What Is an Example of Voluntary Behavior?

Daniel Thornton/CC-BY 2.0

Voluntary behavior refers to thoughts and actions aimed at or resulting from choice in nature by individuals. The opposite behavior is called reflexive or involuntary behavior. As of 2014, the existence and nature of voluntary behavior is a matter of some debate amongst neuroscientists, psychiatrists and psychologists.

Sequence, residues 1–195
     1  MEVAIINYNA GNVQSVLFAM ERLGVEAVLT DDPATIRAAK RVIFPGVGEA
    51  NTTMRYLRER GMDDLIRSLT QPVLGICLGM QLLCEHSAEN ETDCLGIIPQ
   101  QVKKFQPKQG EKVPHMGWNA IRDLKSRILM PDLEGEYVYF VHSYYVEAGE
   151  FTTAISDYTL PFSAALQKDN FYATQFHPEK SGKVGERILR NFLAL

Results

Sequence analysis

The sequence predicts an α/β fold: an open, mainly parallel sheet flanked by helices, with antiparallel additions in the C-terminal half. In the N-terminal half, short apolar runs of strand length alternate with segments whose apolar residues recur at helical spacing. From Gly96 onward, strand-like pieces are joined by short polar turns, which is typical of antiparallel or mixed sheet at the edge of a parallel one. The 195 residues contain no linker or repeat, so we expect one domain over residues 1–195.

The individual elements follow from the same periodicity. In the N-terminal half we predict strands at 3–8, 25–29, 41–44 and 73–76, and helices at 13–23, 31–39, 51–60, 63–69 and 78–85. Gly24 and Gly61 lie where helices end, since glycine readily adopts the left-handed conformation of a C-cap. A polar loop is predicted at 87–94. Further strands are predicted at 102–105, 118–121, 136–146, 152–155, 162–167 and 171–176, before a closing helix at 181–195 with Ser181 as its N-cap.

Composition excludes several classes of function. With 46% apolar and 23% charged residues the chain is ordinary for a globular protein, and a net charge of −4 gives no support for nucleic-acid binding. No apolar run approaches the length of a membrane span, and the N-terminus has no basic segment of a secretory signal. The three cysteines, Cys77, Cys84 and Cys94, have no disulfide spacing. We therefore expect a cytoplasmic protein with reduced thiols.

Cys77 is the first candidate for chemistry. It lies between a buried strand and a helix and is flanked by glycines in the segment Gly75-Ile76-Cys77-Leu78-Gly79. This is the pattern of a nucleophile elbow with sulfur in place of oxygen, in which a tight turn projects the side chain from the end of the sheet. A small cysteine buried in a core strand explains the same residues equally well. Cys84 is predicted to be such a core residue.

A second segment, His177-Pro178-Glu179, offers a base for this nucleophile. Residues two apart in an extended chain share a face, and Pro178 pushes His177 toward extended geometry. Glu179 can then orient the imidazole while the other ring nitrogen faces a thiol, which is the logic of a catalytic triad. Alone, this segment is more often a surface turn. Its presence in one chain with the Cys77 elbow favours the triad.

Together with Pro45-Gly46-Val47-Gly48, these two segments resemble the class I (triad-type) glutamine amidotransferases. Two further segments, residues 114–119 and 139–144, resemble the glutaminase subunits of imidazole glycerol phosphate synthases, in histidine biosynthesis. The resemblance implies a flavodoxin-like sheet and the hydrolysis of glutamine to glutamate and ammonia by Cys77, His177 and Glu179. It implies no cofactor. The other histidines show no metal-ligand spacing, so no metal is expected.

The existence, mechanics, causes and results of voluntary behavior have been areas of intense curiosity and study since psychology came into existence. The concept of voluntary behavior is closely bound to science’s understanding of the consciousness, or self. Psychiatric and neurological evidence suggest that two systems of reasoning exist: the rule-based system, which deliberates and makes conscious decisions, and the associative system, which is unconscious and hidden, reacting impulsively to stimuli. Understanding voluntary behavior may lead to a better grasp of why humans, as individuals and groups, make the decisions they do and whether or not free will plays a part.